I had no idea what I was getting into when I started as a field guide in 2011. What I did know, however, was that the wilderness provides a powerful backdrop for anyone searching for something. I had recently gotten back from a four and a half month backpacking trip from Georgia to Maine on the Appalachian Trail (The “AT”), where I had experienced that fact first hand. When I started the Appalachian Trail, on the surface I was a confident and probably somewhat arrogant recent college grad. However, internally I was scared to death by the fact that I still had no idea what I wanted to do with my life. I had always liked the outdoors but unlike many of the people I met during the trip, I was not fulfilling a lifelong dream by hiking the full length of the AT. Rather, I was fulfilling a dream that I had had for all of about two months after realizing that I was about to have to graduate and this was something that could help delay my entrance into “the real world.”
I think it is safe to say that I was quickly humbled by the experience. Though it was certainly the hardest thing I’ve ever done physically, I had anticipated that part being difficult and knew I could do that. What was most surprising was what was happening internally. In a world that is simplified to the point that the only possessions you have are on your back, you naturally begin to find more meaning in things. In the quiet, stillness of the forest, endless electronic devices can’t hide the pieces of yourself that you would rather not think about. It is a world without deadlines, practices, appointments, classes, meetings or rushing from one activity to the next. At three miles an hour on foot, your world slows down and there is a new clarity to your thoughts. You sleep when you’re tired, you eat when you’re hungry and you live intentionally. There is no instant gratification. The accomplishments take longer and there is no monetary compensation, trophies, or plaques awarded for every peak you climb or state you complete. But those are accomplishments that are real and that are meaningful. From a mountain peak with the sun warming your face as you breathe in cool mountain air and stare out over a 360-degree view of mountains stretching out as far as the eye can see, there is a sense of peace knowing that it was worth every blister-busting step it took to get there.
As I put days and miles behind me, my body was changing, but the real change was happening inside. There was an internal resiliency and authentic sense of confidence that had not been there before. The fears, insecurities, and clutter that had made it increasingly difficult to find my purpose began to fall away with the miles, leaving me with a clear view of all the corners of my life and what is truly important. I felt gratitude for things and people in my life that I had not slowed down long enough to feel in a long time. There was a restored sense of trust in the goodness of people thanks to a community of people that went out of their way to help me along the way. Most of all there was a sense of purpose I had been searching for. I came home still not knowing exactly what my career would be, but knowing that I wanted to help people experience what I had experienced in the wilderness.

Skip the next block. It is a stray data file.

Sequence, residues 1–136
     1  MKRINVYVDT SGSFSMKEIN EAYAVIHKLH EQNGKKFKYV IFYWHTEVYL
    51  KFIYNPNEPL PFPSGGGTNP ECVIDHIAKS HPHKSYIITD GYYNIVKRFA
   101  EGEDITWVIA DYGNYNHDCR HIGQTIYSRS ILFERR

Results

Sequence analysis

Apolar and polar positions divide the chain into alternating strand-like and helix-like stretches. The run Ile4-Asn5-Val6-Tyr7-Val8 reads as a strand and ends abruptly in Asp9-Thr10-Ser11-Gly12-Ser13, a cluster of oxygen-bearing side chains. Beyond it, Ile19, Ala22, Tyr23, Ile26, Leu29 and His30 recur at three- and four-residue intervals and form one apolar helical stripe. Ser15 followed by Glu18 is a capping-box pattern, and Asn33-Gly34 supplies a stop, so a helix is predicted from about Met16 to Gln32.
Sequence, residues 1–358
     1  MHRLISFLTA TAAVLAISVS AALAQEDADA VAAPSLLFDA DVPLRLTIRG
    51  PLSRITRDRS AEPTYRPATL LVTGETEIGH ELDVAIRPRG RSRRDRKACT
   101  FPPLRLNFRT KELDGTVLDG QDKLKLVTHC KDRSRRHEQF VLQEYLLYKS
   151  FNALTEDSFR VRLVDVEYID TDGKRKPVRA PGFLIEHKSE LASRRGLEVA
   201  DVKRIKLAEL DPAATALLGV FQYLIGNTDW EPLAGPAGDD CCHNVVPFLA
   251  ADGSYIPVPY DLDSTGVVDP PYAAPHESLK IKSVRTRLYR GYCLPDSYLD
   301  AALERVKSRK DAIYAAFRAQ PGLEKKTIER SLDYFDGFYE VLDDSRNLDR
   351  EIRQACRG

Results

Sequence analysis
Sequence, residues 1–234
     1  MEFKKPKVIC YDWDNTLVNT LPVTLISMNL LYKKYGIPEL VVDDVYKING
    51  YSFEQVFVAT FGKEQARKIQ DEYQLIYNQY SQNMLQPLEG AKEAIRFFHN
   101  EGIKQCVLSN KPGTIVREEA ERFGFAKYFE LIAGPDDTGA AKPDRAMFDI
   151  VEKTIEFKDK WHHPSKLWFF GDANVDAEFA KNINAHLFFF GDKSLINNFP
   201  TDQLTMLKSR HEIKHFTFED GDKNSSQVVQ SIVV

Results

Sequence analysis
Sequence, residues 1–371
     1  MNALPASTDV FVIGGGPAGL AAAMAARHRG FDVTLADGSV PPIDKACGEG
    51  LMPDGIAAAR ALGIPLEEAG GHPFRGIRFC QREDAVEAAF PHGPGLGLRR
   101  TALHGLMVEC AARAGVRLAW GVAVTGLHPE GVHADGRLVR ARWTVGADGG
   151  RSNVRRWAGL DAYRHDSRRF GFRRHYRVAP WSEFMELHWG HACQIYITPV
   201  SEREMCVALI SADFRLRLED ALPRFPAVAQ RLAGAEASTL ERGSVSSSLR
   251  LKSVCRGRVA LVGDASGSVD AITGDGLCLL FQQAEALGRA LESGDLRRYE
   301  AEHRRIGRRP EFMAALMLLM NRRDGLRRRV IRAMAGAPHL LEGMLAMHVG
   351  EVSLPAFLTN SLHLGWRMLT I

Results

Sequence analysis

Shortly after returning home from the AT, I was fortunate enough to meet someone that had worked at Blue Ridge. I had no background in therapy and didn’t even know that the field of wilderness therapy existed before that, but I knew it sounded like something that I wanted to be a part of. Since then I’ve learned a thing or two about therapy, and I continue to be blown away by the amazing work being done by our therapists and field guides. Still, even before I knew about the remarkable clinical work taking place, I believed this was a place that could help young people who were struggling and who were hurting because I know what the wilderness has to offer.
There is a quote on the Blue Ridge website by author and environmental advocate, Edward Abbey, that says, “Wilderness is not a luxury but a necessity of the human spirit.” I agree wholeheartedly with that, and it is why I do this work. In a world that is always on the go and full of endless options, deadlines, and distractions, it can be easy for someone to lose their way when there are obstacles and clutter on their path in life.
However, the wilderness offers a reprieve from that world. It forces us to confront the difficult and sometimes painful areas of our lives and it offers the quiet, nurturing space to begin to heal. Wilderness is not a luxury. Those tend to be external things: a new car, an expensive dinner, a nice vacation, an award to recognize all of your accomplishments. Wilderness is a necessity because it creates a lasting internal shift. It helps people find the resiliency that was in them all along so that when the next inevitable obstacle presents itself in their life, they have the self-awareness and confidence to navigate around the obstacle and continue on the path they were meant to take.